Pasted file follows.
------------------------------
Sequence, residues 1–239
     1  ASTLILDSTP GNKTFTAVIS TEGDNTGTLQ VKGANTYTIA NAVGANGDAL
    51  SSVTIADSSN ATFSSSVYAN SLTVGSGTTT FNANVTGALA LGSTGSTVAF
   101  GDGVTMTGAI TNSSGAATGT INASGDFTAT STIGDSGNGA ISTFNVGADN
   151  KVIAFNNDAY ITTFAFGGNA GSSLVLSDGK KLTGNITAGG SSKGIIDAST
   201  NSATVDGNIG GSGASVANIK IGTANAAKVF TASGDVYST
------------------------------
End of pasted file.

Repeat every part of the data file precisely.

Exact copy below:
Sequence, residues 1–239
     1  ASTLILDSTP GNKTFTAVIS TEGDNTGTLQ VKGANTYTIA NAVGANGDAL
    51  SSVTIADSSN ATFSSSVYAN SLTVGSGTTT FNANVTGALA LGSTGSTVAF
   101  GDGVTMTGAI TNSSGAATGT INASGDFTAT STIGDSGNGA ISTFNVGADN
   151  KVIAFNNDAY ITTFAFGGNA GSSLVLSDGK KLTGNITAGG SSKGIIDAST
   201  NSATVDGNIG GSGASVANIK IGTANAAKVF TASGDVYST